(Image by gi.te63, Some rights reserved)

The 2014 World Cup is the hottest World Cup ever. Not just because of the soaring temperatures in Brazil that send players begging for water breaks, but also because of the high activity on social networks. Forget Sochi - the Brazil vs. Chile game alone broke Twitter’s record for most tweets at a live event with more than 16.4 million tweets during the game.

Curious to take an in-depth look at what happens on Twitter during a game, we collected World Cup tweets during the Australia-Netherlands match on June 18, 2014. The data was collected via DataSift with the following hashtags: fifa2014, fifaworldcup, brazil2014, brasil2014, worldcup2014, and worldcup. It was then aggregated using Xplenty’s data integration on the cloud.

Twitter Game Timeline

Here’s a graph showing number of tweets over time. We started collecting the data before the game and finished after the game. Can you tell when it started, ended, came to half time, and how many goals were scored by looking at the graph?

australia netherlands tweets

The correct answers: the first half started at 16:00 UTC and ended at 16:48, while the second half started at 17:03, and ended at 17:51. Altogether, five goals were scored, but they are not represented by the five peaks in the graph - no goals were scored at the end of the match. As it turns out, the first huge peak, which is more or less double as high than the other major peaks, represents two consecutive goals by the opposing teams, so people may have been doubly as excited to tweet about them.

Here’s the same graph with annotations:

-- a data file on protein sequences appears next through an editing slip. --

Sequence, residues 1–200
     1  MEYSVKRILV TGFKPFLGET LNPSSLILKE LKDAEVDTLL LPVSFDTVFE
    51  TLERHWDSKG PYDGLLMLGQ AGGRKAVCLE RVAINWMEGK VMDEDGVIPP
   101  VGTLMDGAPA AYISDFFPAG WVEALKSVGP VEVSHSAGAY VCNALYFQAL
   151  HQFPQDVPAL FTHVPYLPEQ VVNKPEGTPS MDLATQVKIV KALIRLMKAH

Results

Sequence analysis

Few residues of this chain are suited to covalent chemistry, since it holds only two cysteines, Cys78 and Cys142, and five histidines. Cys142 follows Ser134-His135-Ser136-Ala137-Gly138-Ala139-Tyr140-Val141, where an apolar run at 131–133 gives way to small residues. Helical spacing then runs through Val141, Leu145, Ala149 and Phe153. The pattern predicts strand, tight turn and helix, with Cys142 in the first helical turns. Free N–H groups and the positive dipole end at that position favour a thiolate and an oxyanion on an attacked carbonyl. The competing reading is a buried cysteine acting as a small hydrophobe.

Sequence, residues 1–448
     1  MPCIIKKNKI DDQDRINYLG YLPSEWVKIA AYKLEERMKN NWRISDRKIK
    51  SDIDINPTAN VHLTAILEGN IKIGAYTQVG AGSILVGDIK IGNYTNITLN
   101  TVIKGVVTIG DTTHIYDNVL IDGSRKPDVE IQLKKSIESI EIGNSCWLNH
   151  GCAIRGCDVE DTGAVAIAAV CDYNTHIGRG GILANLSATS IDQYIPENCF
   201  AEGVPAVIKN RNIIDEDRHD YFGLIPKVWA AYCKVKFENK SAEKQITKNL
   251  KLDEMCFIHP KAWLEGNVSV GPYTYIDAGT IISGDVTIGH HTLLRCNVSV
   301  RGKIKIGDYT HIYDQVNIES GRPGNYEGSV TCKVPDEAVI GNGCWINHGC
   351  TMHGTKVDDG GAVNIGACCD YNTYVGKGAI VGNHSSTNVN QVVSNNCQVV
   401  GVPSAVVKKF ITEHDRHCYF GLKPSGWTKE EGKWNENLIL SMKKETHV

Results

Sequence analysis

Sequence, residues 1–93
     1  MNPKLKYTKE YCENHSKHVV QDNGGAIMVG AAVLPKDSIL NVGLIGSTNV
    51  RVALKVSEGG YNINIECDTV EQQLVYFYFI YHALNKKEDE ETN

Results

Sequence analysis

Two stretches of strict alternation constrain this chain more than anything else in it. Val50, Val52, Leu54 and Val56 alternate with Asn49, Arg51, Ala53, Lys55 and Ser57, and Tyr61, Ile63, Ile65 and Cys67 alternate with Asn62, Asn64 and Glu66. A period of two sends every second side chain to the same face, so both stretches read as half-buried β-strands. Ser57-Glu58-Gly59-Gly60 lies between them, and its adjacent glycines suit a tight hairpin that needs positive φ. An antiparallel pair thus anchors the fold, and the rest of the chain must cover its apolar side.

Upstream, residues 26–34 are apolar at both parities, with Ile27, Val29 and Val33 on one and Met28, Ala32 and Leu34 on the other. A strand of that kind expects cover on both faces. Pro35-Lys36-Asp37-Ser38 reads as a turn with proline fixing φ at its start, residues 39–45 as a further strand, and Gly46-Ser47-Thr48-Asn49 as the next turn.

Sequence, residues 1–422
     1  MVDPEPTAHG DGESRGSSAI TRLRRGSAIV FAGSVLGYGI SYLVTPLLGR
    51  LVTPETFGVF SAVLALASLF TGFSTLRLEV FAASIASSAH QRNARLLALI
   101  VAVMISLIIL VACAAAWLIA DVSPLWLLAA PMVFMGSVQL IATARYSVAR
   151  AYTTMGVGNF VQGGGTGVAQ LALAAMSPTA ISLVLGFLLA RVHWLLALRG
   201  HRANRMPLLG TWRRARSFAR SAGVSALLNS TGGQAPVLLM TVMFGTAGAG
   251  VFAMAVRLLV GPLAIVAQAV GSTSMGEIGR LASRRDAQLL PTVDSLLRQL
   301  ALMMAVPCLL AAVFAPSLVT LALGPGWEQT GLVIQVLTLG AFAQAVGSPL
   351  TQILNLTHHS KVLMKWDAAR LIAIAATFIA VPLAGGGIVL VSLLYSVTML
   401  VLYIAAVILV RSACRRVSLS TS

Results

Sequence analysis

australia netherlands tweets annotated

We can see several things here:

  • The maximum number of tweets came one minute after Australia scored their first goal (8,100), which is also two minutes after the Netherlands scored.

  • Users tweeted almost double as much on the last minute of the match (3,000) than the first minute (1,700). The game must have exceeded all expectations.

  • There were slightly more tweets than usual during fouls, yellow cards, and free kicks, but not nearly as many as there were for goals.

  • Coming in at the end of the graph, the first minute of the Spain-Chile match got about 33% more tweets than the first minute of the Australia-Netherlands match (2,310 vs. 1,740). Perhaps it was a more anticipated game, or maybe the Spanish and Chileans like to tweet more than the Oranges and the Ozzies.

Tweets per Event

Clearly, we can see that people tweeted the most during goals. But how much more? To find out the answers, we added play by play data from FIFA to understand which events happened during every minute of the game and categorized them. In the case where several events occurred on a certain minute, we chose the most prominent one. Altogether, there were 157,500 tweets from game start to finish. This is how they were distributed:

australia netherlands sum tweets event

There were a lot of tweets when nothing in particular happened, because, well, most of the time nothing in particular happened. To get a better picture which events were tweeted the most, we calculated the average number of tweets per minute by event type.

Average Tweets per Minute by Event

australia netherlands average tweets event

Now we can see the picture in HD:

  • Goals scored the most average tweets per minute - about 4,500 TPM.

  • Surprisingly, hand balls came in second with about 2,500 average TPM.

  • Are tweeters less excited by shots on target? On average, there were 10% more tweets per minute during shots off target (1,650 average TPM) than shots on target (1,510 average TPM).

  • There wasn’t that much hassle about fouls (1,500 average TPM) and yellow cards (960 average TPM), not to mention offsides which came in last (600 average TPM). Perhaps they weren’t controversial enough.

  • As mentioned above, ‘blank’ didn’t come in last because it also includes minutes following major events.


World Cup tweets during the Australia-Netherlands game nearly mirrored the actual match. Twitter users screamed with joy along with the commentators during goals and went on about them for a minute or two. Hand balls seemed to provoke more talk on Twitter than fouls or free kicks. And ultimately, as football fans know, most of the time was spent in anticipation, probably glancing at the Twitter feed every now and then. Would you also like to process Twitter and data from social networks? Get a free Xplenty account